The next episode of Zig SHOWTIME airs on Saturday 3rd of October!
Times for a few different timezones:
2pm CDT / 21.00 CEST / 12:30am IST (Sun)/ 3am SGT (Sun) / 4am JST (Sun)
As if trusting the coder was ever a good idea…
Trust web developers and all you’ll get is misalinged boxes. Trust embedded people and your teapot will require you to sign up and enable desktop notifications to function. Trust C programmers and all you’ll get is memory belonging to other processes. Anyway, LoLa is a small language meant to be embedded into video games, kinda like Lua often is, but with some critical differences. @Felix I hope in the presentation you’re going to explain to me and to JB (who’s certainly going to be watching) why your programming language isn’t as capable as Fortnite.
…uhmm I just realized Zig trusts the developer too much, brb going back to Java where nothing bad ever happException in thread “main” java.lang.NullPointerException
By Loris Cro
The truth is that I have never once written in my life a piece of code that handled properly all possible errors. In this talk we’ll make the courteous assumption that instead we do know what we’re doing, that we know what to do when errors happen, and that we care about finishing our projects (yeah right).
In other words, this talk is useless: just @panic(“TODO”), that’s what the microservices people do anyway. If anybody complains, say that you’re following the “fail fast and loud” agile design pattern.
Boom, 30mins of your life saved.
Here’s a recap of the talks in the last episode, in case you missed it. The full episode is available on YouTube.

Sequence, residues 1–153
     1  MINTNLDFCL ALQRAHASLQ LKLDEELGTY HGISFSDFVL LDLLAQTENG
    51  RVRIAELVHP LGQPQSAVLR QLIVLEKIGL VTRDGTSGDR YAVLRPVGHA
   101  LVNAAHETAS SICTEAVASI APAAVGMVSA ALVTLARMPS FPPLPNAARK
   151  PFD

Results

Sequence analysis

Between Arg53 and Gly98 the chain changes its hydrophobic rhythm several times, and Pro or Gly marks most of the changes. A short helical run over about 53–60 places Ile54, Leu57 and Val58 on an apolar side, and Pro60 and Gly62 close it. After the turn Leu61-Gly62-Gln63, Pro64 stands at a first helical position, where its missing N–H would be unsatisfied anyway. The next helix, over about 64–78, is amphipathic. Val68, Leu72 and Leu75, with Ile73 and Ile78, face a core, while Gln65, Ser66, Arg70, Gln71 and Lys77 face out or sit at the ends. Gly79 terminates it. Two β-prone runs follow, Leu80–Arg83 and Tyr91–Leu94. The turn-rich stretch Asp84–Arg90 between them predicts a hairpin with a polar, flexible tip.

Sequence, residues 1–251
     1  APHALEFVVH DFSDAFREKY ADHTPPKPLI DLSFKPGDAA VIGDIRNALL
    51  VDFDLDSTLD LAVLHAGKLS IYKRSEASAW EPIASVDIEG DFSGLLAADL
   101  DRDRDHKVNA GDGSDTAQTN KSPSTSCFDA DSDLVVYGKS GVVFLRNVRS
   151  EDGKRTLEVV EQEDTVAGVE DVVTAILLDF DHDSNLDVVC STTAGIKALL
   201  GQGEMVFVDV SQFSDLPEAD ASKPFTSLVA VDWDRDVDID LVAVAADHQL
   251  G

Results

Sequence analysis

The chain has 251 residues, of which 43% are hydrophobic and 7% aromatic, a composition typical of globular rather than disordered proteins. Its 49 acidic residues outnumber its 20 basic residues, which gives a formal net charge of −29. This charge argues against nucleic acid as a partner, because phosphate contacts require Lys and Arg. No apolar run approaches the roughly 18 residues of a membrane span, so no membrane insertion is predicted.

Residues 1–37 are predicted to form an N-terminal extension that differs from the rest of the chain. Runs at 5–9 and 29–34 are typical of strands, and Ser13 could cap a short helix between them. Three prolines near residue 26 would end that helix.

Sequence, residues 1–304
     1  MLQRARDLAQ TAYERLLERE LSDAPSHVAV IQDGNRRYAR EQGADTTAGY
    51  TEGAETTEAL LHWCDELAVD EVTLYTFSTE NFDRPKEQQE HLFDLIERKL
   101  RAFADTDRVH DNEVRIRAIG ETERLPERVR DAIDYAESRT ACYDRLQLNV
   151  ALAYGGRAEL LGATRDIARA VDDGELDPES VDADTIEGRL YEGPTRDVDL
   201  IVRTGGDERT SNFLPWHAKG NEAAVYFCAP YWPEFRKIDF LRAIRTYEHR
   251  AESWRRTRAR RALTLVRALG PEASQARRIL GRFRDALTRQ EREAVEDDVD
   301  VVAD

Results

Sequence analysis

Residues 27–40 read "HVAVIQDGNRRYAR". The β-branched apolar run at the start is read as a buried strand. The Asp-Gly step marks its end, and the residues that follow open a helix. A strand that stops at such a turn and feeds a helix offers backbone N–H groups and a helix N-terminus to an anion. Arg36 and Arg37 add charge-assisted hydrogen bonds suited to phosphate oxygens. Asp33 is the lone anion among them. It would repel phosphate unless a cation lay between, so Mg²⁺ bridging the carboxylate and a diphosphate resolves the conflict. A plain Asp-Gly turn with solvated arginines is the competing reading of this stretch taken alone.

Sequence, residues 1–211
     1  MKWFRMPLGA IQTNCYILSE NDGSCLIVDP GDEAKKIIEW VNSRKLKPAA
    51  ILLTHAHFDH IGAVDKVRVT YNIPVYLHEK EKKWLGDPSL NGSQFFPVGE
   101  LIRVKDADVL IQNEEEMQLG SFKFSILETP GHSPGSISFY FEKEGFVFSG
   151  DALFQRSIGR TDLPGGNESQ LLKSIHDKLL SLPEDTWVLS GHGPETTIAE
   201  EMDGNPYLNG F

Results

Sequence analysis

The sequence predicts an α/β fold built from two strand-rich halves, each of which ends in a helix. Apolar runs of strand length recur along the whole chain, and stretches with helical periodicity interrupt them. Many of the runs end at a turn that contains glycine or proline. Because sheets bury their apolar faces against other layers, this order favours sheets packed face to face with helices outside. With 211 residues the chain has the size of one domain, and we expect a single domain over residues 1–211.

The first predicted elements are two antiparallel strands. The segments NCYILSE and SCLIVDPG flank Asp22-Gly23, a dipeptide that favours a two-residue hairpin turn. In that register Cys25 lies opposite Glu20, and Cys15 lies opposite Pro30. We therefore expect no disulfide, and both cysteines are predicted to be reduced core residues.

I love comptime, you love comptime. Don’t try to deny it, I saw you looking at that generic HashMap turn into a Set. You used to believe love had no meaning and that life only reserved macros for you. I don’t blame you, I used to feel the same. But now it’s different; we’re happy, so let’s learn some comptime patterns. Life is beautiful.
In Alex’s own words:
In this talk, we will explore the power of Zig’s comptime evaluation by looking at concrete examples of code used for parsing and creating protobuf data types.
By Loris Cro
This is a talk that introduces newcomers to numeric types in Zig and how nice it is not to have a secret header file that contains all the right numeric types because the ones built into the language are considered bad practice (!?!?), like in C. After discussing the basics, we touch upon some corner cases that have a troubled history given their peculiar nature. In preparation for this second part I leave you with a Zen riddle, just to jog your mind:
Can you measure the length of zero, with a zero-length ruler?
If you watch this talk, you’ll know the answer. Maybe.
See you at showtime,